I took an arbitrary trip to Reno – I should not have gone

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Back in the ’80s and ’90s Reno was a popular destination for British Columbian tourists – especially senior citizens – however, nobody goes there anymore and I wanted to find out why so I took a short trip there.

The iconic Reno Arch still welcomes visitors to the “biggest little city in the world.”

I started a new career in 2018 and officially became part of Canada’s middle class but I’m still learning how to be Middle Class. What do I have to do to fit in? How much do I have to do and do I even want to do it? These are questions I routinely ask myself.

One of the most notable things I’ve learned is that Middle Class Canadians are obsessed with travelling. I am not a huge fan of travelling. Unless I am going somewhere to see someone or do something specific I don’t see the point. It seems like an expensive and stressful ordeal that disrupts my routines.

Some of my middle class friends have gently encouraged me to “get away for a few days.” They seem to enjoy it and believe it would be good for me as well. They favour sunny destinations like Hawaii, Florida or Mexico where they partake in all the attractions that those places offer such as beaches, theme parks and all-inclusive resorts. None of that appeals to me in the least.

That being said, I accepted their advice because I thought an inexpensive trip to a quiet destination in the United States would be an interesting diversion. From 2001 until 2016 I made regular trips to the States. I miss going down there and thought I could somehow recapture some of those positive experiences in my new life.

I had enough airline points to cover the flight and most of the hotel fees for either Las Vegas or Reno, Nevada. I went with Reno because I thought it would be kind of neat to experience Vegas’ smaller and cheaper cousin.

When I was a child a lot of older people, including my grandmother, went to Reno for their vacation. They often returned with pens and other souvenirs from area casinos such as Fitzgerald’s, Harrah’s and Harold’s. It looked like a rather exiting alternative to Las Vegas with its opulent neon light displays and stately casino hotels that lined Virginia Street.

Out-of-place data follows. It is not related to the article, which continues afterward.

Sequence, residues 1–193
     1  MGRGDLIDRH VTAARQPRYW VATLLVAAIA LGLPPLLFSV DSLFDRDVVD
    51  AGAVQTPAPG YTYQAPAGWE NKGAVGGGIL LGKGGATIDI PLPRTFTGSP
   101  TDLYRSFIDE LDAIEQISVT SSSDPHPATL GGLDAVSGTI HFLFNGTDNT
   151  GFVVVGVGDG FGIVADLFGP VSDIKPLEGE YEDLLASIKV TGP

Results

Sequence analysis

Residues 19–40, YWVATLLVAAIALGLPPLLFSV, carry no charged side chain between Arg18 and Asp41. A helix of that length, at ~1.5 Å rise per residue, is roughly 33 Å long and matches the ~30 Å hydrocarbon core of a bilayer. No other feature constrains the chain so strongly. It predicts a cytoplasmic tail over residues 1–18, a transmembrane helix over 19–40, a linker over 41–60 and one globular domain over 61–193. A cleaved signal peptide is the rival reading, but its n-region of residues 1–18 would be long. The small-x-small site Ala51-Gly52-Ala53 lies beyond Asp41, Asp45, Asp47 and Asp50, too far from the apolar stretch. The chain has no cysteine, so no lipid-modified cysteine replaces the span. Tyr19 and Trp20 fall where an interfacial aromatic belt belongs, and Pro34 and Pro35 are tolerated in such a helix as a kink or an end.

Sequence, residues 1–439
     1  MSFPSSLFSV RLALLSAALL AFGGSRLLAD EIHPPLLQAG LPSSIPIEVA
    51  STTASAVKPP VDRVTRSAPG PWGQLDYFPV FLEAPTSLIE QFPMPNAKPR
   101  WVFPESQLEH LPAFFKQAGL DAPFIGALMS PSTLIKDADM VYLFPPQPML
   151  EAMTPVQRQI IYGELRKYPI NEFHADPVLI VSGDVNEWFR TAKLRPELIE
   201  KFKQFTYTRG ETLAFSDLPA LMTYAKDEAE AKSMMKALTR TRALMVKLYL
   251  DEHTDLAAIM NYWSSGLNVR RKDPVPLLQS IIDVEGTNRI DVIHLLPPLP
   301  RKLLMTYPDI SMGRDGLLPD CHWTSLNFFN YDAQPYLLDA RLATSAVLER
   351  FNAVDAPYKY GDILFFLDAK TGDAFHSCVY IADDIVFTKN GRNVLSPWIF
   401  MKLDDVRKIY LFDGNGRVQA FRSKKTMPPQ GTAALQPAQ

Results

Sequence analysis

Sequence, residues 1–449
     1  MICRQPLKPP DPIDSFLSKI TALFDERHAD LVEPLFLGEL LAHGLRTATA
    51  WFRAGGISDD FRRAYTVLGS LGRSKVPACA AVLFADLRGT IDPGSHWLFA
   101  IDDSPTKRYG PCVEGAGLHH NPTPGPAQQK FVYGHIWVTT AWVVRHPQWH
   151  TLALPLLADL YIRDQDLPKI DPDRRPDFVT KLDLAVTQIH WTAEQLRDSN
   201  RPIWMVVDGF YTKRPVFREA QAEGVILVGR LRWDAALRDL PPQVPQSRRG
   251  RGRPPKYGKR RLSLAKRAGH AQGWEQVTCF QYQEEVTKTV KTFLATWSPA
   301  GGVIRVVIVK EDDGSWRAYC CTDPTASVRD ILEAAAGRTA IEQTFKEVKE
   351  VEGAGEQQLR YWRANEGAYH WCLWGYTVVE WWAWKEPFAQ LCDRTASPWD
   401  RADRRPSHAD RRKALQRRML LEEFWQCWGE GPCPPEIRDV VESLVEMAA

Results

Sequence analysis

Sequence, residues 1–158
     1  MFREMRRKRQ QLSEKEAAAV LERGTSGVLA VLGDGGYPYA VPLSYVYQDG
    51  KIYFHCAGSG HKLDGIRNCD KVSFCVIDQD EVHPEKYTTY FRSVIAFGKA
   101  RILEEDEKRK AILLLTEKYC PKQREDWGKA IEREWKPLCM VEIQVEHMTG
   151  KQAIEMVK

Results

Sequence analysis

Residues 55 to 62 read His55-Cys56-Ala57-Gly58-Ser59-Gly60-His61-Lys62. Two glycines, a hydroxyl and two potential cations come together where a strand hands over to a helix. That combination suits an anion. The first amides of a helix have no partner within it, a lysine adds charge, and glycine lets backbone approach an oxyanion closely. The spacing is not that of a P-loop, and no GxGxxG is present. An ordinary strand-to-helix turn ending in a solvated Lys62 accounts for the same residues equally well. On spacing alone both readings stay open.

A vintage keychain flashlight rom Harlold’s Club in Reno.

When I told people I was going to Reno they had to rack their brain to recall the last time an elderly relative went there. Everyone it seems had an aunt or grandparent who stopped going there sometime in the ’90s. I asked a few older people why Reno was so popular and they explained that it was cheaper and closer than Las Vegas. Most people flew down there but some budget conscious travellers travelled by bus.

I think the final nail in the coffin came when Reno Air terminated non-stop service to Vancouver in April 1999.

I first visited Reno in June 2001. I travelled from the Bay area for an impromptu visit with a friend in Incline Village, Nevada. He picked me up at the train station in Reno and when we drove to the city I was shocked at how dead the place looked. The main streets were devoid of foot traffic or human scale buildings. It really felt like a place to drive through as opposed to a destination.

We stopped at the Atlantis Casino for lunch. Here are some photos from that trip:

In 2022 I thought I would give Reno a second chance. If Canadians have stopped going there en-masse perhaps I could do my part to bring it back.

Getting there was a hellish slog. The only flight I could get included a six hour layover in Seattle so I decided to make the best of a bad situation and enjoy lunch at Pike Place Market. The lunch was okay but the train to Downtown Seattle smelled like ass. I was glad to get the hell out of Seattle.

I took the 1 Line light rail train from Seatac Airport to Downtown Seattle. It’s a marvellous service, however, my train smelled like ass.